Lonah's Reviews > Born on a Blue Day: Inside the Extraordinary Mind of an Autistic Savant

Born on a Blue Day by Daniel Tammet
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Mar 16, 12

Read in January, 2007

I've done a number of research projects on synesthesia for my psych degree, and I'm always looking for personal stories. So I was happy to find this book. Since the guy also has Aspergers, I imagined something like Blue Cats and Chartreuse Kittens meets The Curious Incident of the Dog in the Night-Time. A creative, brilliant, unique voice, with maybe a little wit.

It did not take long for my happiness to dissipate. Every hope I had for this book was dashed to pieces the further I read. Completely emotionally flat, nothing relatable at all, no tension or conflict, no interesting cast of characters. Somehow the book managed to be neither entertaining nor informative. It was a great example of self masturbatory writing: the author talks about how brilliant he is. The author talks about how he is different. The author talks about how he is so different and brilliant, he can memorize a long sequence of numbers.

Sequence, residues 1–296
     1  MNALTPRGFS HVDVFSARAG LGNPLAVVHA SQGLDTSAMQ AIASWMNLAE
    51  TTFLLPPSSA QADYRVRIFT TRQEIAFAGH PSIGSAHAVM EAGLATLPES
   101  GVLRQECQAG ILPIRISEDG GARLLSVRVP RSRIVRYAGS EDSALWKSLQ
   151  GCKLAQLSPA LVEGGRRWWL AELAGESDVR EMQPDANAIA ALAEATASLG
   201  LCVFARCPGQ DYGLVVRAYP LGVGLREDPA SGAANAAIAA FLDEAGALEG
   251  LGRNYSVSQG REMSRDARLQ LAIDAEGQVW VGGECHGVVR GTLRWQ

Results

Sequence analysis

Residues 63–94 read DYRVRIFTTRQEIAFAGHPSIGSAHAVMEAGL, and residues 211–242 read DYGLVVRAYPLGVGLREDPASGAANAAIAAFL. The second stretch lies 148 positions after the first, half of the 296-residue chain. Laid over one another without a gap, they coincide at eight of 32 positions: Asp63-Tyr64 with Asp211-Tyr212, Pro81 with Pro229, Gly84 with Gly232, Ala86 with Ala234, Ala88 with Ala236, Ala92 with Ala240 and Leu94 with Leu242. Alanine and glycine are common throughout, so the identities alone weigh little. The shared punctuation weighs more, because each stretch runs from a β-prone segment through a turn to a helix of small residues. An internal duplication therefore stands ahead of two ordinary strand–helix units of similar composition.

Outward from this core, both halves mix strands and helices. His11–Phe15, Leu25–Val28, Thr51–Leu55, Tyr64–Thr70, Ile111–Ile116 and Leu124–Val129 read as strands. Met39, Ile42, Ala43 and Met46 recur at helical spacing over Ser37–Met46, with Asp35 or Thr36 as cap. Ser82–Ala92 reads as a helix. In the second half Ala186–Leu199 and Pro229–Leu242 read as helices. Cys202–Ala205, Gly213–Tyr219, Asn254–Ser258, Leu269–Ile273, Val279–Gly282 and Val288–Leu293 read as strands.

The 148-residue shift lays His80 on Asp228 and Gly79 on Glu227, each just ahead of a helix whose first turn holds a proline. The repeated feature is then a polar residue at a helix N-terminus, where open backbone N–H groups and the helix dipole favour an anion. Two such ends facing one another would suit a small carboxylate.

There was a lot about memorizing pi. Could somebody explain to me, how in the hell is it interesting to read about someone memorizing numbers? How is that inspirational? How, actually, does that contribute anything useful to society at all? What good is it to be a genius if you're just going to sit around remembering numbers?

Maybe some people have a lower standard for special people's books, but I don't.
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Comments (showing 1-1 of 1) (1 new)

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Elaine I mean afterall what did you expect, he is what his writing is...enjoy it and appreciate it for what it is! I find it fascinating for all that it IS, not what I wanted it to be.


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